Actually I have three thoughts. To get the first one out of the way, the murder of George Tiller is wrong. As evil as Tiller’s mass late-term abortions were, killing him was wrong.
Second, this killing is the sort of thing that subverting constitutional democracy invites. One reason we have our constitutional democracy is so that heated issues can be dealt with by political means. We want to resolve issues like abortion by the ballot box and by the deliberation by those we elect, not by the gun.
But when those democratic means are cut off by unconstitutional judicial fiat, as in the case of elective abortion, the motivation to resort to the gun increases. And a few unstable people likely will do so. It is no coincidence that anti-abortion violence increased after Planned Parenthood v. Casey, which reaffirmed Roe v. Wade in 1992. Hope to combat abortion by democratic means was dashed. So a few people felt compelled to resort to violent means.
I’m not inside the head of the man who killed Tiller. And one should not extrapolate too much from one incident. But if you arbitrarily cut off the constitutional democratic process on a heated issue as the Supreme Court has on abortion, then violence is a likely outcome. And the election of Obama certainly reduces hope of overturning Roe v. Wade and returning the abortion issue to the people and their representatives, making this another likely time for violence.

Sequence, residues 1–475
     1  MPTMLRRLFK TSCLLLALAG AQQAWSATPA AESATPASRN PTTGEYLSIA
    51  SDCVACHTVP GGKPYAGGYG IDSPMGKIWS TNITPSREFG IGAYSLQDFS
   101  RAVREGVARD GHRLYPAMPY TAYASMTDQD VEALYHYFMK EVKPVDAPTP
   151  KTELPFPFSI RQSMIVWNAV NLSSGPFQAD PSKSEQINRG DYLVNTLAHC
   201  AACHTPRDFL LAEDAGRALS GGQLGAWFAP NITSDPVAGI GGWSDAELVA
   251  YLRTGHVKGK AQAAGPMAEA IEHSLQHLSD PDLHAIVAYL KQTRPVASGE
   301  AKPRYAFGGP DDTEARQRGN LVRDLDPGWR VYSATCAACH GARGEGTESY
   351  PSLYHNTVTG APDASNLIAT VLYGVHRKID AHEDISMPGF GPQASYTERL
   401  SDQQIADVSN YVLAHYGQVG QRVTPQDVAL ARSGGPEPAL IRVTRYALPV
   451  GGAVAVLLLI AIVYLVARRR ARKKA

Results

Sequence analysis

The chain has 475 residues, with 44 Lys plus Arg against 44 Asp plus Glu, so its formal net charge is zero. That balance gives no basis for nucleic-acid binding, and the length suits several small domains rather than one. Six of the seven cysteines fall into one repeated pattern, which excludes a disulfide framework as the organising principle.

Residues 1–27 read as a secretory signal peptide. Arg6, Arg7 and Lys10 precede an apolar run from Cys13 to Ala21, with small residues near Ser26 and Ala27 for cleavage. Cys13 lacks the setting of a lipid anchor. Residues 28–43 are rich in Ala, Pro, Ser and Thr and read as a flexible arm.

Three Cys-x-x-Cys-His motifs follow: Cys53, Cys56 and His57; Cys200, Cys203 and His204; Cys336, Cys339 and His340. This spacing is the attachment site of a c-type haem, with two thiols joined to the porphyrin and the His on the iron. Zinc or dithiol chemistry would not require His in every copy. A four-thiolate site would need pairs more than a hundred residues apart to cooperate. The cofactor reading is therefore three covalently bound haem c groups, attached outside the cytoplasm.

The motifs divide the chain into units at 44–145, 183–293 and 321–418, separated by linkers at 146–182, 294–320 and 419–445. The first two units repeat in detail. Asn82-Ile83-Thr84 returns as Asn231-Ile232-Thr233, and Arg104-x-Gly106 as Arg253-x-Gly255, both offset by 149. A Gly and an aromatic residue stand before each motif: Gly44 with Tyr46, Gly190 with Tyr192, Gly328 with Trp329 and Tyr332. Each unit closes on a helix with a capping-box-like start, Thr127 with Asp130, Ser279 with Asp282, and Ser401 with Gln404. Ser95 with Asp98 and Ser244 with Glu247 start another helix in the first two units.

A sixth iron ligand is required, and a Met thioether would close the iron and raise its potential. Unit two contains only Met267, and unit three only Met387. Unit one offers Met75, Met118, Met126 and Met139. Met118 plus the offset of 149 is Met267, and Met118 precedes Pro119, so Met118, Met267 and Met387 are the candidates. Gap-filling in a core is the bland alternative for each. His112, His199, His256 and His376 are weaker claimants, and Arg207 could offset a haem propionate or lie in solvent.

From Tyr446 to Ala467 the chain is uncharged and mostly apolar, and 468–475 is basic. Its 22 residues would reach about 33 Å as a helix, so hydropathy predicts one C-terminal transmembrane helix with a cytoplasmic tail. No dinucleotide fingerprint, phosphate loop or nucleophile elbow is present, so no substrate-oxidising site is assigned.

Third, it is right that pro-lifers are almost unanimously condemning the murder of Tiller. But as for those who defend elective late-term abortions, allow me to save them the trouble. If you defend elective late-term abortions, you have less moral judgement than a dog. Any outrage from you over Tiller’s killing or over just about anything is worth less than said dog’s bark. So you need not bother.